Do you know what the trouble is with looking solely at performance as a method of gauging results? It’s easy to underestimate the beneficial impact of change.
Imagine, for example, that you’re a professional-level golfer. Your coach tells you to switch your hand position because it will help to prevent that nasty habit you have of breaking left on wedge shots. How do you think your swing will be for the next few days/weeks/months? Yet, if you stick through the learning curve, you’ll likely do better at this year’s Masters.
I’m not talking about variety for variety’s sake, of course. What I’m alluding to are small changes that cause a slight, immediate dip in performance but pay off big in the end. It’s probably worth it, for example, for you to learn to pull sumo instead of conventional if you’ve got short legs, even if you’ve been pulling conventional for years. Similarly, while there’s nothing wrong with keeping the same routine as long as it works, why not try rearranging your workout schedule or exercise order to see if you derive any additional benefit?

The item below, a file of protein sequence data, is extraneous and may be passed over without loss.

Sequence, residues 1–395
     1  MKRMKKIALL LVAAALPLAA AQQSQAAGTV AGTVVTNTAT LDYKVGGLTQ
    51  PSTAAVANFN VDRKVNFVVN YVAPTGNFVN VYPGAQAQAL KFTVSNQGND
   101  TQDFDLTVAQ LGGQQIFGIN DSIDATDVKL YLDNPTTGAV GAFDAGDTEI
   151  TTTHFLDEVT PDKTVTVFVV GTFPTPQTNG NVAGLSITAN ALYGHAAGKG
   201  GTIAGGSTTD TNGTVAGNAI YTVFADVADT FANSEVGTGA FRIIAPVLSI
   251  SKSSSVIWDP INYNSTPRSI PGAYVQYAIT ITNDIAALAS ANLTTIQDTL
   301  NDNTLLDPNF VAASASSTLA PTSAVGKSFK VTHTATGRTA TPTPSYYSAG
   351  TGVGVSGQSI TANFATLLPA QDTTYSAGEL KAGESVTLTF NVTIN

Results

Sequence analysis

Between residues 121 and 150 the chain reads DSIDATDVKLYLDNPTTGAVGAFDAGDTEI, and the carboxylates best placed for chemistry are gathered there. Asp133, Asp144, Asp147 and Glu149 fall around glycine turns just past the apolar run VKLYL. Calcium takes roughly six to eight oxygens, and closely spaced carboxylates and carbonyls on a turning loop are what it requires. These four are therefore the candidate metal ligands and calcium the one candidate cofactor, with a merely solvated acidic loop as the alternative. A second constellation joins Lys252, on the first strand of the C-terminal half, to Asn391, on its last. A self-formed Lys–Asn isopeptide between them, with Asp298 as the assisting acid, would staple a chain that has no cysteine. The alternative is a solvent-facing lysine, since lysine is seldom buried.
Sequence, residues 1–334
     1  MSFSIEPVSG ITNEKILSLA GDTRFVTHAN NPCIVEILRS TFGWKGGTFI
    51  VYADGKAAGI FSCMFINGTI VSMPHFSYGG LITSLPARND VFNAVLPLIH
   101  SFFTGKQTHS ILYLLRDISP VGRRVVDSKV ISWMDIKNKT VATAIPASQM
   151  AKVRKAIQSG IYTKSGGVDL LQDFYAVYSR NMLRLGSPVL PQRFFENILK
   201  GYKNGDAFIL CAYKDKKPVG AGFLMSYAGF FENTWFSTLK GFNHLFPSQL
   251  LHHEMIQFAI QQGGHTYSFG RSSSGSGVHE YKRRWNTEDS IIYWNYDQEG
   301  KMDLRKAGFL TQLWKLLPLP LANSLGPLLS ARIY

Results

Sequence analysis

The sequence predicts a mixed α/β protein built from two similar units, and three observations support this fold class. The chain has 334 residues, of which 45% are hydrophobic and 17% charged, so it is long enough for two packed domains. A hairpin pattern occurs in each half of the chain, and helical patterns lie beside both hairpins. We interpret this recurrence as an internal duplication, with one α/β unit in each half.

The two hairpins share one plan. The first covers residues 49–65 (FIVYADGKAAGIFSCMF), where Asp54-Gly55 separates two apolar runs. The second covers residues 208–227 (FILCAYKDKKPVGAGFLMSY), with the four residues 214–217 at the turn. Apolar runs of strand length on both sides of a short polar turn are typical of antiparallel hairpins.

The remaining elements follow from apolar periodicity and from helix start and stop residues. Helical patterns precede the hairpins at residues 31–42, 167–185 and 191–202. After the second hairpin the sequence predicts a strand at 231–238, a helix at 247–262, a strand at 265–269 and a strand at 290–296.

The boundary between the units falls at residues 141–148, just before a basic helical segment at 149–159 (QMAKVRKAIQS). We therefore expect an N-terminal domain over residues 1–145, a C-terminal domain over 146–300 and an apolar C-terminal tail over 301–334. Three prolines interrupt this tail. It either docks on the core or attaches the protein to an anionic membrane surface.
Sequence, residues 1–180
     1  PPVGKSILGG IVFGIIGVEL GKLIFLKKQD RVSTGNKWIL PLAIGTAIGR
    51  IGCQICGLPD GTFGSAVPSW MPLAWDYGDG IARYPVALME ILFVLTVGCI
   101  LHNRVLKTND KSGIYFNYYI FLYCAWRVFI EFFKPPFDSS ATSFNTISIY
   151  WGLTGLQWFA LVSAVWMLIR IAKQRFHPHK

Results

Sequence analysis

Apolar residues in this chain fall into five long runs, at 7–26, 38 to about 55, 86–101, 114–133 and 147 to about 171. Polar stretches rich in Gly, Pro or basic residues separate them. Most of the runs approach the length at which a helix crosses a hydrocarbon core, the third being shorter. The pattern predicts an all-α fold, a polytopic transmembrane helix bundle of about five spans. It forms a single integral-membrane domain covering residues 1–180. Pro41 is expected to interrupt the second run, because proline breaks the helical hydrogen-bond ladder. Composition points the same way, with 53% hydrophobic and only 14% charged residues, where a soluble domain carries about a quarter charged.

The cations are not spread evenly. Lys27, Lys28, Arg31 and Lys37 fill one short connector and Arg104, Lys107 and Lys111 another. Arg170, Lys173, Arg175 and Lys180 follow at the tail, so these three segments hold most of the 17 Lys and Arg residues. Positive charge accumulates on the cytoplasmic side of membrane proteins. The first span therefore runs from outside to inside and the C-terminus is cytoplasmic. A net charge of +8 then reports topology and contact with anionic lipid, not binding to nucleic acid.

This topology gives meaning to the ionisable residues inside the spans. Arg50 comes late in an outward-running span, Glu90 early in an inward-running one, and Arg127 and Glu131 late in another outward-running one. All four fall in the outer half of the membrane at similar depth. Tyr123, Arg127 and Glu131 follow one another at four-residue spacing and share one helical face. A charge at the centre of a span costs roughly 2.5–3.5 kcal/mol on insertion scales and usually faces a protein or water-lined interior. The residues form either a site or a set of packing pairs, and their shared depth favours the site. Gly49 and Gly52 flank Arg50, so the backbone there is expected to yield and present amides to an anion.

How do you optimize results while avoiding the trap of the constant tinkerer? Make one small change at a time, and give it time to work.
With anything involving a change in technique or skill, do yourself a favor and reduce the weight considerably. Give yourself two weeks or so to allow the technique to “groove in” and to build back up to an appropriate poundage. Accept that your results may be a little less than stellar while you work out the kinks and press on.
Of course, if anything hurts, abandon ship.
Are you sticking with the path of foolish consistency? Or tweaking your workout so often your workout log looks like a map of Middle Earth? Or neither? Leave me a comment; I’d like to know.